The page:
Recently, an unfortunate event happened in Egypt. AUC Titans player - Omar "Jumbo" Khaled, has passed away during the game. His death has caused a lot of stir between the teams and universities.
We reached out to Titans Head coach Terry Bates, as well as the league president Ali Rafeek, and last but not least - a few doctors who were willing to give us their professional opinion based on the information we have.
- Omar was complaining of chest pains early during the 1st quarter. He then left the game and was escorted into the AUC clinic where he passed out and fell into a comma. He was pronounced dead 2 hours later with no cause of death since Muslim countries do not perform autopsy.
The cause of his initial injury is still debatable as well, but his health previous to the game was fine. During the game he did not take any major blows that caused the game to stop play. However; there were players who stated he took a blow to the chest from an opposing players helmet. After the blow to the chest, he was able to walk off the field under his own will and it didn't seem severe at the time. - says Coach Bates, and continues:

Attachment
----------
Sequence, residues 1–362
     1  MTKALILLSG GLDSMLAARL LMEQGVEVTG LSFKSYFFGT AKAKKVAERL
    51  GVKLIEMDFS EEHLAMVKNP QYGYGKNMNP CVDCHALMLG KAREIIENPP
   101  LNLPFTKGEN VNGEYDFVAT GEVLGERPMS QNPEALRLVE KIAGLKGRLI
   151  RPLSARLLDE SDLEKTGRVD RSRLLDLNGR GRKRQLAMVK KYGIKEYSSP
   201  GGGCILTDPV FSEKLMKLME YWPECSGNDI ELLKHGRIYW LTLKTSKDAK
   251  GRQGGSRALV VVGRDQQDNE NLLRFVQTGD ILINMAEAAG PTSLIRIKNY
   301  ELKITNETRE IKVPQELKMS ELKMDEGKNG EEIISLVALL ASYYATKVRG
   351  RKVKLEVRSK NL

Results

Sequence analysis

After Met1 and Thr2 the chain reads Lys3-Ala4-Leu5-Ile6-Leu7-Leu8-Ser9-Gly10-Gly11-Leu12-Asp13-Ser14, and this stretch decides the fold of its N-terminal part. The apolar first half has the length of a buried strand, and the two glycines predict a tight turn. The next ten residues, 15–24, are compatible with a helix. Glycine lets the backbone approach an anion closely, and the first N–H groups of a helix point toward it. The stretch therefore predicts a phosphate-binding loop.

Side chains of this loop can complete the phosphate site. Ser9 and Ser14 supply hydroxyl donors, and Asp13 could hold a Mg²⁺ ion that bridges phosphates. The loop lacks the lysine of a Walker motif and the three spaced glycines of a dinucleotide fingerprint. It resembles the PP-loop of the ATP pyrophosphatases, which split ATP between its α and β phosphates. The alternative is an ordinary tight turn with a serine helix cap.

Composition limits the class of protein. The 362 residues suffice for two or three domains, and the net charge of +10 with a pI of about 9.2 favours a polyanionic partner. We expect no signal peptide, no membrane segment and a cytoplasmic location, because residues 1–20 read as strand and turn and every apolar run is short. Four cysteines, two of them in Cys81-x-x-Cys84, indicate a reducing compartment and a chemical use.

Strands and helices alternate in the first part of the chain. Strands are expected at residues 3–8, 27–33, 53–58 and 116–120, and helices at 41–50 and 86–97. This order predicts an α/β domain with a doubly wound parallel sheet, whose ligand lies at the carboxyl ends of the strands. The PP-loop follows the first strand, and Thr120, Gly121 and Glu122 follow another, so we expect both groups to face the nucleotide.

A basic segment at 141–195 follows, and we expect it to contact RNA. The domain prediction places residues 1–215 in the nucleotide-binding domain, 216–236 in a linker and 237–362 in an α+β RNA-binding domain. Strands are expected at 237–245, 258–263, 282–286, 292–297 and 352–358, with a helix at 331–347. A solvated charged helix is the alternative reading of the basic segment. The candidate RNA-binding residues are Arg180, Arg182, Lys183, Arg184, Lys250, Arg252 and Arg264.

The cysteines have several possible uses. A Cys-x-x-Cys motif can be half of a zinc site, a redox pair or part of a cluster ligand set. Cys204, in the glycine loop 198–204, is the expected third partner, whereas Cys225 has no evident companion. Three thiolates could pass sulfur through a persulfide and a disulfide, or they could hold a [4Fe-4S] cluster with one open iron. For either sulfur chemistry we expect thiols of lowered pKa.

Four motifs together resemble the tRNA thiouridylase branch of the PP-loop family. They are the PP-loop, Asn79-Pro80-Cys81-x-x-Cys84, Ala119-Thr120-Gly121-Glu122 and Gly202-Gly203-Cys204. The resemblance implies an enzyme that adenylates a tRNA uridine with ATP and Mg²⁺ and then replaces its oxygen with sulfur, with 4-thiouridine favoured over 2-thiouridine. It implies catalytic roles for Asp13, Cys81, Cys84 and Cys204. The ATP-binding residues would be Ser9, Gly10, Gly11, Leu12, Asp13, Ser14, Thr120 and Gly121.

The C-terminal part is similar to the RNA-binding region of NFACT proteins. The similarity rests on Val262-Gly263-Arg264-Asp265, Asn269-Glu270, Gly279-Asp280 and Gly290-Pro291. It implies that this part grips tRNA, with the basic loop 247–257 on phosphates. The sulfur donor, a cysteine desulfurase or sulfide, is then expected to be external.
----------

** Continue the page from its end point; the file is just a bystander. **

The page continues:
- The doctor did not allow him back on the field, but from what I understand also did not take Omar's complaint very seriously. The other AUC players who were present at the time he went to the clinic stated they (clinic) told him it was only a bruise and that he may be exaggerating about the severity of the injury which seems to be quite common in Egypt.
We asked coach Bates if there was any footage available and he responded: We do have footage of the game, but unfortunately the cameraman didn't make it to the game until shortly after Omar's injury... Afterwards, the league and the university cancelled all football related activities for 2 weeks. After the "FOOTBALL WITHOUT BOARDERS" camp hosted by a few NFL players, the league decided to resume football activities, but AUC decided against allowing us to use the schools field for practice or games.
They (AUC) has since decided we can continue to use the name (AUC), but we cannot use the school facilities. Since American Football in Egypt is not like the NCAA; the team is only "sponsored" by the university and not affiliated with the school as is the case in America.
And that wasn't the only problem for football - possible legal actions may be taken by parents. Football is now looked at as the enemy, where the most popular sport in Egypt is MMA.